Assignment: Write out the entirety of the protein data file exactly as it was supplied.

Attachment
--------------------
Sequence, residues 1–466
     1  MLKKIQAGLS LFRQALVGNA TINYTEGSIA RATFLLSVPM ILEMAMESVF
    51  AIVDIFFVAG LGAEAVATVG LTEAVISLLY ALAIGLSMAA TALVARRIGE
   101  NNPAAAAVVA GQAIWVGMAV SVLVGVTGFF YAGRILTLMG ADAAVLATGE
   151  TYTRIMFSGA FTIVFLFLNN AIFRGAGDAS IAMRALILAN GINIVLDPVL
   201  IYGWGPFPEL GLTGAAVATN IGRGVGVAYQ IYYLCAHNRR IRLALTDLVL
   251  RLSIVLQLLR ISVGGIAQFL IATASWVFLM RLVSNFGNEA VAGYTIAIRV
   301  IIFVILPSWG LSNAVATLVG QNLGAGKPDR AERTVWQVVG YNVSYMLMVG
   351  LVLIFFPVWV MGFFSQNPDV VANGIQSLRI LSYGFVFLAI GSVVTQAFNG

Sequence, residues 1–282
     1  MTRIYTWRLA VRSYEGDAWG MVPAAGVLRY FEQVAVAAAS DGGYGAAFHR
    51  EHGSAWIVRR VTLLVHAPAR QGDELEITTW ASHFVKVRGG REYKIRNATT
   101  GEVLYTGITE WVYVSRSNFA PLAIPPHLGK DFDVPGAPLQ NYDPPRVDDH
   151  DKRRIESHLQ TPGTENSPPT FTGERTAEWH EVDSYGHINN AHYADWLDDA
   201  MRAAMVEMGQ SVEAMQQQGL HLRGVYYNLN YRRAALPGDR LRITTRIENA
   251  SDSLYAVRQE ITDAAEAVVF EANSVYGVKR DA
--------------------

Sequence, residues 1–466
     1  MLKKIQAGLS LFRQALVGNA TINYTEGSIA RATFLLSVPM ILEMAMESVF
    51  AIVDIFFVAG LGAEAVATVG LTEAVISLLY ALAIGLSMAA TALVARRIGE
   101  NNPAAAAVVA GQAIWVGMAV SVLVGVTGFF YAGRILTLMG ADAAVLATGE
   151  TYTRIMFSGA FTIVFLFLNN AIFRGAGDAS IAMRALILAN GINIVLDPVL
   201  IYGWGPFPEL GLTGAAVATN IGRGVGVAYQ IYYLCAHNRR IRLALTDLVL
   251  RLSIVLQLLR ISVGGIAQFL IATASWVFLM RLVSNFGNEA VAGYTIAIRV
   301  IIFVILPSWG LSNAVATLVG QNLGAGKPDR AERTVWQVVG YNVSYMLMVG
   351  LVLIFFPVWV MGFFSQNPDV VANGIQSLRI LSYGFVFLAI GSVVTQAFNG

Sequence, residues 1–282
     1  MTRIYTWRLA VRSYEGDAWG MVPAAGVLRY FEQVAVAAAS DGGYGAAFHR
    51  EHGSAWIVRR VTLLVHAPAR QGDELEITTW ASHFVKVRGG REYKIRNATT
   101  GEVLYTGITE WVYVSRSNFA PLAIPPHLGK DFDVPGAPLQ NYDPPRVDDH
   151  DKRRIESHLQ TPGTENSPPT FTGERTAEWH EVDSYGHINN AHYADWLDDA
   201  MRAAMVEMGQ SVEAMQQQGL HLRGVYYNLN YRRAALPGDR LRITTRIENA
   251  SDSLYAVRQE ITDAAEAVVF EANSVYGVKR DA